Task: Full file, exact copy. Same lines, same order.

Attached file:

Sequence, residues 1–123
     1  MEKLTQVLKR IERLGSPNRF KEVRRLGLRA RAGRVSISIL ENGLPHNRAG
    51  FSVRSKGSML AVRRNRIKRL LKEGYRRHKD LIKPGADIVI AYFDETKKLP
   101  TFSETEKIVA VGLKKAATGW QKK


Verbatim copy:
Sequence, residues 1–123
     1  MEKLTQVLKR IERLGSPNRF KEVRRLGLRA RAGRVSISIL ENGLPHNRAG
    51  FSVRSKGSML AVRRNRIKRL LKEGYRRHKD LIKPGADIVI AYFDETKKLP
   101  TFSETEKIVA VGLKKAATGW QKK